Dandelion Tea Benefits & Side Effects
Dandelion Tea benefits your taste buds from the first to the last sip. But that’s just the beginning of its remarkable - and proven - potential. The latest scientific research has now established its ability to improve life in small yet significant ways, from supporting liver function to promoting weight loss to even reducing cancer and diabetes risks. This is what we’ll be exploring in the following article.
Once you know the facts and figures, you can indulge in its flavour and medicinal value with The Kent and Sussex Tea and Coffee Company. Founded in 1982, our family-run business has, for around forty years, taken pride in packing its products fresh to order. Doing so ensures not only quality but also consistency with every cuppa brewed, including, of course, Dandelion Leaf Tea.
Table of contents
- Dandelion Tea Nutrition and Properties
- Dandelion Tea Benefits
- 1. Drink Dandelion Tea for Weight Loss
- 2. Dandelion Tea Benefits for Fibroids
- 3. Dandelion Tea for UTI
- 4. Dandelion Tea Gallstones
- 5. Dandelion Tea Benefits Skin Health
- 6. Dandelion Tea Blood Pressure
- 7. Dandelion Tea Benefits Diabetes
- 8. Dandelion Tea for IBS
- 9. Dandelion Tea Good for the Liver
- 10. Dandelion Tea and Acne
- 11. Benefits of Dandelion Tea for Kidney Stones
- 12. Dandelion Tea Digestion
- 13. Dandelion Tea Cancer Study and Research
- Dandelion Tea Side Effects
- Is Dandelion Tea Acidic?
- Does Dandelion Tea Have Tannins?
- Is Dandelion Tea Diuretic?
- Dandelion Tea Pregnancy
Dandelion Tea Nutrition and Properties
Famous 19th-century poet Waldo Emerson once wrote: “What is a weed? A plant whose virtues have not yet been discovered”. Such is the case with Dandelion Tea’s properties, which lend themselves to the infusion’s nutritional value. Indeed, aside from its smooth, earthy flavours with minty undertones, you can expect the following vitamins, minerals and other antioxidants when you put on the kettle:
But what, exactly, can these constituents do? Most important are the antioxidants working to combat free radicals in the body. In other words, the Herbal Tea functions on a molecular level to slow oxidative stress and, ultimately, after frequent consumption, reduce the risk of developing several chronic conditions. It’s time now to dive deep into the benefits of drinking Dandelion Tea - supported by evidence.
Dandelion Tea Benefits
People have utilised the traditional medicinals of Dandelion Tea for millennia. In China and the Far East, for example, the aptly named Traditional Chinese Medicine (TCM) recommended it for clearing heat from the liver and treating stomach and lung issues. Meanwhile, in North America, the indigenous communities such as the Iroquois and Ojibwas consumed leaves to avoid digestive complaints.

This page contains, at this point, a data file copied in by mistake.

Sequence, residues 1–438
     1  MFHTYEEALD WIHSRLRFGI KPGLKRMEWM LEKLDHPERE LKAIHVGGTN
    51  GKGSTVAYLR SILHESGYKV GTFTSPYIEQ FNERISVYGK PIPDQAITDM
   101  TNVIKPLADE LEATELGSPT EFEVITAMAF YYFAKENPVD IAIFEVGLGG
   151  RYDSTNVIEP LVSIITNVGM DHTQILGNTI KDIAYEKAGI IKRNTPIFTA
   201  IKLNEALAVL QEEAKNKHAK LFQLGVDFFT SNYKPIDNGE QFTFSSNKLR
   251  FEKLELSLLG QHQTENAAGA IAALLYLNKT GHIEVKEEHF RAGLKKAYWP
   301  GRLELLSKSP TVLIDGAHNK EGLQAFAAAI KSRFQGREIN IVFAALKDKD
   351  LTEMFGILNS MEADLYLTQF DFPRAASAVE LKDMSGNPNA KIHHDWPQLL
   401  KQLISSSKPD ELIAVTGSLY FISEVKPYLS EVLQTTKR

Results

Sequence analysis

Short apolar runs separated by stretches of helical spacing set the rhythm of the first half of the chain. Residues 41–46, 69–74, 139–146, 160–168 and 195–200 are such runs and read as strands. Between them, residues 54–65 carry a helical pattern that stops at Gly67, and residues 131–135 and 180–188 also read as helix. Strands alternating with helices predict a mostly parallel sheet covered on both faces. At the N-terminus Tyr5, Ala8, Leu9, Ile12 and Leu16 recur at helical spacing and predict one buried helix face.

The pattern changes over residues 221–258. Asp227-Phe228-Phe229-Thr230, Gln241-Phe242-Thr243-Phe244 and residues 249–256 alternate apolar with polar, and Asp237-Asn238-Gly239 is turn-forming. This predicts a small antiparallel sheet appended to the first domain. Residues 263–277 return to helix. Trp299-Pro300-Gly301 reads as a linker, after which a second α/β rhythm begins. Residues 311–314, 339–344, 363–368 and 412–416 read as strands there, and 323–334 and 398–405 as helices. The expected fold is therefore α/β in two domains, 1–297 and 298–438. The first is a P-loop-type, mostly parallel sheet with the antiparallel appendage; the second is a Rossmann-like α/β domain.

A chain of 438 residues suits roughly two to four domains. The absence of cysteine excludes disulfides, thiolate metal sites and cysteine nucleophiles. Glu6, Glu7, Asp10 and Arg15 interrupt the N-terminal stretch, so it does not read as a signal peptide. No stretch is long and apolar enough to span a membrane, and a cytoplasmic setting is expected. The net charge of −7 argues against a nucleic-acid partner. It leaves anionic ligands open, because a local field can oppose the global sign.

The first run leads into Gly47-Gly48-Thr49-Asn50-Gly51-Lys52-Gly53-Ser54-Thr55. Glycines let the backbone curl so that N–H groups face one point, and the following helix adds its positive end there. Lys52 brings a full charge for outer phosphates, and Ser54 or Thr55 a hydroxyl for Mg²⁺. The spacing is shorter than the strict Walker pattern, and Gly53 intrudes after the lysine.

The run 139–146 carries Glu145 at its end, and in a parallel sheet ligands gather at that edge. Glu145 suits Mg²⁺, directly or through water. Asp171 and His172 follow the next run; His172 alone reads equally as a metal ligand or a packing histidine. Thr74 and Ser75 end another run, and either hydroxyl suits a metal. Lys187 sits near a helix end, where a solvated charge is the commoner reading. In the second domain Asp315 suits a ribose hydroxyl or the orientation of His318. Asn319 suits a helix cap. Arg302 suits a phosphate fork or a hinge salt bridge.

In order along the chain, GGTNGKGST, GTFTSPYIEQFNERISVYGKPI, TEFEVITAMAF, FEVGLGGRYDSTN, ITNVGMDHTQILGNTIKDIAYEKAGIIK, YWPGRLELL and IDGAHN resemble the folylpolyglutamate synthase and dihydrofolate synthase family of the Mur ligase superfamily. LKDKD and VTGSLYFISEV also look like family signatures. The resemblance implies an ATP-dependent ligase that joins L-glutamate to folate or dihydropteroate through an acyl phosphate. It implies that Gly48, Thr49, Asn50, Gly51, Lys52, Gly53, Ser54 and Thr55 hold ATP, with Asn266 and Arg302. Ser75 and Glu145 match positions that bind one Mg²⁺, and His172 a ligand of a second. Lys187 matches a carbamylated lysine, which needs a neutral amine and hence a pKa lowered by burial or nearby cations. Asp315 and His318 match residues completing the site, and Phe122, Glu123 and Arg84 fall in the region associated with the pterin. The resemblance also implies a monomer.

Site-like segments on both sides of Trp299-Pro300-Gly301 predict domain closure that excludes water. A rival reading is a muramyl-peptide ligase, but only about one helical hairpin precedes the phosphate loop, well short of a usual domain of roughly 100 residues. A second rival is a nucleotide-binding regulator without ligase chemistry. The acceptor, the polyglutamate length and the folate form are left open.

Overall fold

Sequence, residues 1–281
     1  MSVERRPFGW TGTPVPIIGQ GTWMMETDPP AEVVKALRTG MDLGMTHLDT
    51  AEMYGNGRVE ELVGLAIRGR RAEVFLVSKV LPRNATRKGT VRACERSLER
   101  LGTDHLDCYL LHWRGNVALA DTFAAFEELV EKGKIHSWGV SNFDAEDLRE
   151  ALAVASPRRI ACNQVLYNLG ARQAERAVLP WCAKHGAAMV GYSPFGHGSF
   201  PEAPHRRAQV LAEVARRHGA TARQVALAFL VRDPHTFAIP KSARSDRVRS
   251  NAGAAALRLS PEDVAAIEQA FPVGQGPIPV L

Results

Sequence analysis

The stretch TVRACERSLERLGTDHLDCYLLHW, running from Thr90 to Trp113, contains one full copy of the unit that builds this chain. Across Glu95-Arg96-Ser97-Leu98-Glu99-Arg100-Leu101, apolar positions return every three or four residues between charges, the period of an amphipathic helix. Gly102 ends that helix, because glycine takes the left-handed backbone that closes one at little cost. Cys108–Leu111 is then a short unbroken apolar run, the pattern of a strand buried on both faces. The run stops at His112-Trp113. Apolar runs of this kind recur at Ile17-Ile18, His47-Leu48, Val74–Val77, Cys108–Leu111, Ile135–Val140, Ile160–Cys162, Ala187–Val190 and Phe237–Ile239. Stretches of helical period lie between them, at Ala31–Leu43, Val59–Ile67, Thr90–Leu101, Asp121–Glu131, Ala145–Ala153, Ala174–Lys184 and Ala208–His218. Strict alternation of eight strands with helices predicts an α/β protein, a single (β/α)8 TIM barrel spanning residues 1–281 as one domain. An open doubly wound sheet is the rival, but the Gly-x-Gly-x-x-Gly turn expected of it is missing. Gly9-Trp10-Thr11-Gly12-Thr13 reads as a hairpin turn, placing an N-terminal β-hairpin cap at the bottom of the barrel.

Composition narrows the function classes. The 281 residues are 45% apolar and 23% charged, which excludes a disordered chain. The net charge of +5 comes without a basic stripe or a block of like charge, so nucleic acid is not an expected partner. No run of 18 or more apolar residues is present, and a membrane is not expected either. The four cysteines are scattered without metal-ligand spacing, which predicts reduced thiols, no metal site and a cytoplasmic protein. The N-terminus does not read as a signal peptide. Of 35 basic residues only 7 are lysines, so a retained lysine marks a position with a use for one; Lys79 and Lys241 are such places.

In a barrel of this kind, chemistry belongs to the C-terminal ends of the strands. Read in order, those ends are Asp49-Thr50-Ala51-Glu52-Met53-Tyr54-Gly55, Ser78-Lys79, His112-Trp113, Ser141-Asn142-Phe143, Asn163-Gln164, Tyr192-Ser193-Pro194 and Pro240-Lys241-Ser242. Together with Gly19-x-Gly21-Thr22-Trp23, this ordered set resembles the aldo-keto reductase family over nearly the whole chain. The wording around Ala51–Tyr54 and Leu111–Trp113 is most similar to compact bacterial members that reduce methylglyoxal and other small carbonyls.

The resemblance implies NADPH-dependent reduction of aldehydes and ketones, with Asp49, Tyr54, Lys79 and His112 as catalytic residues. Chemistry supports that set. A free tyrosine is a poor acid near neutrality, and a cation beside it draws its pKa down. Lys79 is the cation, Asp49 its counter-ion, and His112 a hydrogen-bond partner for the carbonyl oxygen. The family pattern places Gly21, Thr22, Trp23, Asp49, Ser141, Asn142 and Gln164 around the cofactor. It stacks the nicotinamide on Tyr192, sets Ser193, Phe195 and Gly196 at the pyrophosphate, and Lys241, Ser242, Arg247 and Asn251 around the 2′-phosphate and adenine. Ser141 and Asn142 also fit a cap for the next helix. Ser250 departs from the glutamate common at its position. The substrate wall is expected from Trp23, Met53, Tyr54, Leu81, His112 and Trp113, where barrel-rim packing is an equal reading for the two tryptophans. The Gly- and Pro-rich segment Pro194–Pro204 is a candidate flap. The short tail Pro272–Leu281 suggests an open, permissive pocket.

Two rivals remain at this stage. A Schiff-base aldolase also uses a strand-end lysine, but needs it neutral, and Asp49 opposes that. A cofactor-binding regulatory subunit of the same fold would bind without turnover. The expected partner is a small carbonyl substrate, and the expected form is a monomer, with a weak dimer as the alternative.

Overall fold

That’s all fair and well. Nowadays, however, avid Herbal Tea drinkers prefer to have modern science backing such claims. You’ll be pleased to know, then, that there is ample research available, which we will be showcasing in the rest of our article. Please continue reading to learn more about Dandelion Tea’s well-documented capacity to bolster your health and wellness in a multitude of ways.
1. Drink Dandelion Tea for Weight Loss
What are the benefits of Dandelion Tea when it comes to fitting into your favourite trousers again? For starters, an average serving has no more than 25 calories, making it an excellent alternative to sugary and fatty soft drinks. But there’s more. According to a 2008 Korean study published in the Journal of Nutrition Research and Practice, it has a similar effect as the weight loss drug Orlistat.
It reportedly functions by inhibiting pancreatic lipase, an enzyme released during digestion to break down fat. Additionally, it acts as a Diuretic Tea (more on that later) that increases urine output and leads to decreased water weight. It’s nevertheless vital to note that Dandelion Tea benefits aren’t going to do all of the hard work for you. You’ll have to continue exercising and eating well to see truly noticeable results.
2. Dandelion Tea Benefits for Fibroids
Statistics indicate that up to 80% of women develop fibroids by the time they reach fifty years of age. These are non-cancerous growths that form in or near the uterus (womb), typically made up of muscle and fibrous tissue that vary in size. Fibroids don’t often cause symptoms in most women. However, there is still a chance of experiencing heavy periods, abdominal pain, constipation and general discomfort.